Nana faithfully kept a journal – each book a new year. I clearly remember sitting at the breakfast room table with her and watching her make her daily entries. Sometimes it would be in the evening and sometimes after breakfast for the day before. On rare occasions, I would be allowed to read the entries for a particular day. When I was old enough to keep a diary of my own, I never had ANYTHING to say and I always thought it was amazing that she had so much to say every day in her journals. I don’t know how far back her daily writing went but I always liked to imagine that she had written her entire life and someday I would be given these precious books. Shortly after she passed away the journals all disappeared and I was heartsick. I’ve come to believe this was fated to happen. Her journals had always been her private space and they will remain this way forever.
My Aunt Peg was my Grandfather’s first cousin. She was so little and English. Elfin features, quick smile, flashing blue eyes, and considerable wit. She was stylish and always had her hair done and her make-up on. She must have been in her late 70’s and I couldn’t get enough of her even when I was a teenager.
As soon as I was old enough, I bought a plane ticket and flew down to San Diego for a long weekend visit with Aunt Peg. For several days we sat at her kitchen table and drank and smoked and talked about family. We each kept the secret of the cigarettes since she’d told her son that she’d quit and I shouldn’t have been smoking anyway. It was all very sophisticated and hush-hush. Until we would start to giggle. All these years gone and I can still hear her laughter.
The wonderful gift about Aunt Peg was that she treated me like a friend and our friendship was a worthwhile pursuit. I believed she was secretly telling the world, “Oh, don’t worry, she’s with me.” And in exchange, I got a lot of slightly alcohol infused stories about my dad’s father when he was a little boy. My grandfather didn’t ever say much about his childhood so any glimpse into Papa as a little boy was fascinating. Aunt Peg told me about her and her brothers wanting to play with my Papa and Aunt Polly (Papa’s mother) always ruining their fun and calling Papa inside to practice his violin or do his homework. It was thrilling to have this secret information about my very sweet but serious grandfather.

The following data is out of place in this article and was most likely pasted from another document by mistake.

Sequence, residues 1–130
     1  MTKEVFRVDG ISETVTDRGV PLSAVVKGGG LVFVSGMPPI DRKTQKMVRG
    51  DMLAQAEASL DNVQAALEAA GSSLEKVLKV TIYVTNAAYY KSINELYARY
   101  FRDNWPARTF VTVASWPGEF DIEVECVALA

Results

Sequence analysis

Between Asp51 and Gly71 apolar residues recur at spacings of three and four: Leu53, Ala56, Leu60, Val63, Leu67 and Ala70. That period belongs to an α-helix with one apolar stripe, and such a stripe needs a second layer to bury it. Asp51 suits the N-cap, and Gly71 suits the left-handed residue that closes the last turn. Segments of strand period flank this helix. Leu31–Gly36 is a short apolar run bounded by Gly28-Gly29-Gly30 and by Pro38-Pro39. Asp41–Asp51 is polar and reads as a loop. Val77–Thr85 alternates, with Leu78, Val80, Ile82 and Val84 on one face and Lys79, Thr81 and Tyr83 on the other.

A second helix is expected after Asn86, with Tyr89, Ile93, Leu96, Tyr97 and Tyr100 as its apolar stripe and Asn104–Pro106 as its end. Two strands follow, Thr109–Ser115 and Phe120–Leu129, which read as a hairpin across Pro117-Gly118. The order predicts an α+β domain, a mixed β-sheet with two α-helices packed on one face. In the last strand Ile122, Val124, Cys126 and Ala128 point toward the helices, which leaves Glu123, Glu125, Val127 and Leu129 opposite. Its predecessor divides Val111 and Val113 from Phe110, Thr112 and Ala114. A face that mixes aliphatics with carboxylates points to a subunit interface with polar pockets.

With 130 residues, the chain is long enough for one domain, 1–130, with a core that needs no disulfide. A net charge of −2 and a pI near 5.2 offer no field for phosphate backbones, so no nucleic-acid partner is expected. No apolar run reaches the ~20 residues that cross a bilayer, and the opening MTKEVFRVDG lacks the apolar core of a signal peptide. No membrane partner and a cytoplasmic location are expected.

Sometimes Aunt Peg worked for her brother Will at the holidays. My Uncle Will had a fancy stationery store in Oakland and it was always a treat to go to the store and see my dear Aunt Peg working behind the counter. Whenever I’d visit, Uncle Will would become very busy because he didn’t really know how to entertain a child; but Aunt Peg always made me feel special. My time with her was always such a sweet experience of stories and friendship and I feel so lucky that she gave me these gifts.
I was delighted when my daughter got to meet and play with Aunt Peg. Although she was from the very stiff-upper-lip side of my family, she was one of those wonderful adults who would actually play with a child and talk to them as though they counted for something. My daughter called her “Aunt Pig” because that’s what she thought we were saying – Pig for Peg.
To be continued…